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Saturday, July 26th

Uk Private Investigator Blog - "Police forced to delete criminal records"


Hi,

The UK police force recently lost another case to keep a person’s “minor” criminal records in their computer system. The information tribunal reached a verdict that the police were breaking data protection laws by holding criminal records for minor offences on the police national computer for decades after the offence.

This follows another similar ruling last year when a convicted shop lifter got his “minor” criminal record deleted after complaining that it was still stopping him from getting a job.

It seems as though millions of such records may need to be deleted from the police national computer now. I guess a criminal record isn’t as much of a deterrent as it used to be! The police commented “A crime may look very trivial, but it might still be of significance to a person’s potential behaviour,”.

Of the 5 cases the tribunal looked at, and ordered to be deleted, one was for stealing a 99p packet of meat in 1984, the offender was fined £15 at the time. Another was for a charge of assault committed when the person was 13, now at age 20 it was disclosed in her job application. So, it doesn’t look like we’re opening the flood gates just yet, but the thin edge of the wedge perhaps? And for the rest of us who managed to get through teenage life without committing a crime, what do we get? Oh, we also don’t get a criminal record.

Another battle is ensuing over the breach of data protection laws with regards to DNA evidence. Currently the police are keeping DNA files of persons who were charged with a crime but not convicted. Basically, if the police say they think you did something and ask for a DNA swab to eliminate you as a suspect they keep that record forever. That’s a different kettle of fish to deleting minor criminal records in my opinion.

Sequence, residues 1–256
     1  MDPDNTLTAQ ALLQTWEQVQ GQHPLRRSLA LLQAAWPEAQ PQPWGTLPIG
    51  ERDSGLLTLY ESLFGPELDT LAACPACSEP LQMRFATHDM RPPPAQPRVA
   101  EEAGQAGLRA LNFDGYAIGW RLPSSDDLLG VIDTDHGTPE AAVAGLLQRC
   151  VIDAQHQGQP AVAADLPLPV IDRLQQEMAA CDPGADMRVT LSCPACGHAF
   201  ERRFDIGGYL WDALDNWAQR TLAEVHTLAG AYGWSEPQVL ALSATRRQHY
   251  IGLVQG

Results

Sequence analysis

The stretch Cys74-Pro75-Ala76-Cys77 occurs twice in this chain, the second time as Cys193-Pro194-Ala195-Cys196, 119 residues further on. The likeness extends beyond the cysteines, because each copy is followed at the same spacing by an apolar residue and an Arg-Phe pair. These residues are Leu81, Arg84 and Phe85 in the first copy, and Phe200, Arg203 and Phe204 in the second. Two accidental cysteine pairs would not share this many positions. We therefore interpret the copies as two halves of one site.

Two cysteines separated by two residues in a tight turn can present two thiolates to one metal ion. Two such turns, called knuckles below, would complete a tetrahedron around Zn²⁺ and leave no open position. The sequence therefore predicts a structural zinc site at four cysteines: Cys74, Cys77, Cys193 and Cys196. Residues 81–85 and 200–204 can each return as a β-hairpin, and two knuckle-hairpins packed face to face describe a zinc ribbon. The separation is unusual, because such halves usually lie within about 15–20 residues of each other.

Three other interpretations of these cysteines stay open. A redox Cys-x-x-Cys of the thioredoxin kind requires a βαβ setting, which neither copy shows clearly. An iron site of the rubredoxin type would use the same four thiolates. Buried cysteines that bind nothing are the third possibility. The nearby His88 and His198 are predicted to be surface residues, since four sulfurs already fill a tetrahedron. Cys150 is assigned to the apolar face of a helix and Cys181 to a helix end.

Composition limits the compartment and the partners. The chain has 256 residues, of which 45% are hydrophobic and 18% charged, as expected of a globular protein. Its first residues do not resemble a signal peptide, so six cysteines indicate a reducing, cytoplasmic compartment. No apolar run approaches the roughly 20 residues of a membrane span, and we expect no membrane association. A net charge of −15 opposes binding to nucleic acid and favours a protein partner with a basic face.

Thanks,
Andy
Andy on 07.26.08 @ 02:51 AM CST [link]

Saturday, July 12th

UK Private Investigator Blog - "Euro data laws"


Hi,

The UK Information Commissioner recently described European data laws as “no longer fit for purpose”. The statement comes ahead of the commissioner ordering a review of the EU data protection laws, and hiring “Rand Europe” to carry out an assessment of the strengths and weaknesses of European data protection laws.

This is not a total surprise, people have been mumbling that current data protection laws in every country from the United States to Romania need to be re-done for the 21st centaury. By that they mean “the computer age” as you’d be surprised how many aspects of data protection laws were made before there was a PC in every house. Some UK laws date back to the late 70s!

Once again though, change for change’s sake is never a good idea and I hope they won’t suddenly put the breaks on the computer age by writing up some draconian throwback laws.


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Thanks,
Andy
Andy on 07.12.08 @ 10:55 AM CST [link]